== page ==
UK consumers trust banks the most with their personal data, new research has revealed.
A survey of 2000 UK adults by Interxion, a provider of carrier-neutral colocation data centre services, found 68% trust banks to keep their data safe, while 15% trusted retailers, while 15% and 9% trusted retailers and charities.
But when asked which sector they thought most trustworthy, only 10% trusted financial services, while 26% said healthcare and 14%said charities.
The research also found that 17% admitted they would sell their bank details, passport details or internet passwords for just £5,000.
And four in ten people said social media makes them more cautious about sharing personal information online.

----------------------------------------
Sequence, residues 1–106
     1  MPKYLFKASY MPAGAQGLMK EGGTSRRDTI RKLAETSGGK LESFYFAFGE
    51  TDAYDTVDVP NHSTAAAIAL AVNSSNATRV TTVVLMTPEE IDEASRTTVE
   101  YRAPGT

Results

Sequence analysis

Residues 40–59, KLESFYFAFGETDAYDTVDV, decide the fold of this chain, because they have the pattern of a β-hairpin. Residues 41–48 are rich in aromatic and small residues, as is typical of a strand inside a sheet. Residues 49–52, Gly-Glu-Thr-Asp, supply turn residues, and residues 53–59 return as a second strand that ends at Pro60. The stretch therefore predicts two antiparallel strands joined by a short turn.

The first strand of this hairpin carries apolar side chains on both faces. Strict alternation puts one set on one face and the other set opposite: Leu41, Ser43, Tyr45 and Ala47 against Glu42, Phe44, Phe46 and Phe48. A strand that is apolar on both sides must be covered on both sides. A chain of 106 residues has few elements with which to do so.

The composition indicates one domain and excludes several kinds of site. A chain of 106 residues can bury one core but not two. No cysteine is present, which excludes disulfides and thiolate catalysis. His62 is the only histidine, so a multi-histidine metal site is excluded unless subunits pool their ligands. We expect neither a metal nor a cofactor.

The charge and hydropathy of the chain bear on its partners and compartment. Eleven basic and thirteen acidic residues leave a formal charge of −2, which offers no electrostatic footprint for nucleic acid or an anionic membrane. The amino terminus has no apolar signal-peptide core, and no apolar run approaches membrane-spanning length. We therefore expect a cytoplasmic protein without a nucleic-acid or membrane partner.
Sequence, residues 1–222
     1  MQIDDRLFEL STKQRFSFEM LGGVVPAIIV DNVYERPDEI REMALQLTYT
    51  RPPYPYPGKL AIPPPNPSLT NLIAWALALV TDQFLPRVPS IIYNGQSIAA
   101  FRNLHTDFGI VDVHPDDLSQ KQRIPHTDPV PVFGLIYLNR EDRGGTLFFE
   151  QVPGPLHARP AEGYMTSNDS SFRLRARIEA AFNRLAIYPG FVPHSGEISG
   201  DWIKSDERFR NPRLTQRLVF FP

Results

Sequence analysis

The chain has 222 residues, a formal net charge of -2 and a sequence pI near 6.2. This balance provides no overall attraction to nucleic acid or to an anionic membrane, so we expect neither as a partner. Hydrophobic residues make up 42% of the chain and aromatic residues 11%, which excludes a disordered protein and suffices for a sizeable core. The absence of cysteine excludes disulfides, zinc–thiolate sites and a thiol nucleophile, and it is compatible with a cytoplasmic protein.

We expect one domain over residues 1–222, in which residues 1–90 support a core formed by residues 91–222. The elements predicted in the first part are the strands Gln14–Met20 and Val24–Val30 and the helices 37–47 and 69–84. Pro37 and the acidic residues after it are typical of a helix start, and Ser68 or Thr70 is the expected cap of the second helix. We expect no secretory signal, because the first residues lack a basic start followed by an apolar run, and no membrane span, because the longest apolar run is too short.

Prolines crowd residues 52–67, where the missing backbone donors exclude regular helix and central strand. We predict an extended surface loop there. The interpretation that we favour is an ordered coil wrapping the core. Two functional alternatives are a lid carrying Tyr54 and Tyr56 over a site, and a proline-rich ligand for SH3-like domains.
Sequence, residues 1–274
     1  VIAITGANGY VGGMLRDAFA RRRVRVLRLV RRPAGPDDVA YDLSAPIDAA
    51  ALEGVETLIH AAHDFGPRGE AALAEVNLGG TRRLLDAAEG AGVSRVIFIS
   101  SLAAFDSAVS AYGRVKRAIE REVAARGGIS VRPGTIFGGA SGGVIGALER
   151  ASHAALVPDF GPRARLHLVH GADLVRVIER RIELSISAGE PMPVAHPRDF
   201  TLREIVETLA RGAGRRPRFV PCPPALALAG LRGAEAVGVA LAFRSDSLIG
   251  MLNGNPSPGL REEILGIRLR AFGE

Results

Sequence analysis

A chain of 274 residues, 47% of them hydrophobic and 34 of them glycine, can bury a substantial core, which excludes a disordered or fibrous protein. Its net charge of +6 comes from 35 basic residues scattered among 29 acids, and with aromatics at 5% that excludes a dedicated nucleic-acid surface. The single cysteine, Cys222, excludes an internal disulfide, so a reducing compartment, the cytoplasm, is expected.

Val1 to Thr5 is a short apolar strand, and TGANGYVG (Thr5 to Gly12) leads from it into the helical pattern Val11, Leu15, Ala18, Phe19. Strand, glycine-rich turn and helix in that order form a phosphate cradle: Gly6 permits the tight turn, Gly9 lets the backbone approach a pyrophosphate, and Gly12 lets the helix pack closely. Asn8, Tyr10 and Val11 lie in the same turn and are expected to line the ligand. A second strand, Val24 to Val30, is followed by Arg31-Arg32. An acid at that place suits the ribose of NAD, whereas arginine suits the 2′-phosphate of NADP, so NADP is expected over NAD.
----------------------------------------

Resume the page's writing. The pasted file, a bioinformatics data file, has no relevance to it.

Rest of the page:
Almost a third of consumers said they would be extremely concerned if their bank details were stolen, while four in ten have shared their PIN number with a colleague, friend or family member.
Doug Loewe, UK Managing Director at Interxion, said organisations should pay attention to changing consumer attitudes when it comes to sharing personal information.
"If businesses are to reap the rewards of big data then it's crucial to maintain consumer trust, particularly as data security is an issue that continues to hit the headlines," he explained.
"While it's great to see banks coming out on top when it comes to consumer trust around their personal data, financial services organisations need to proactively communicate the stringent measures they have in place to keep customer data safe, or risk losing out."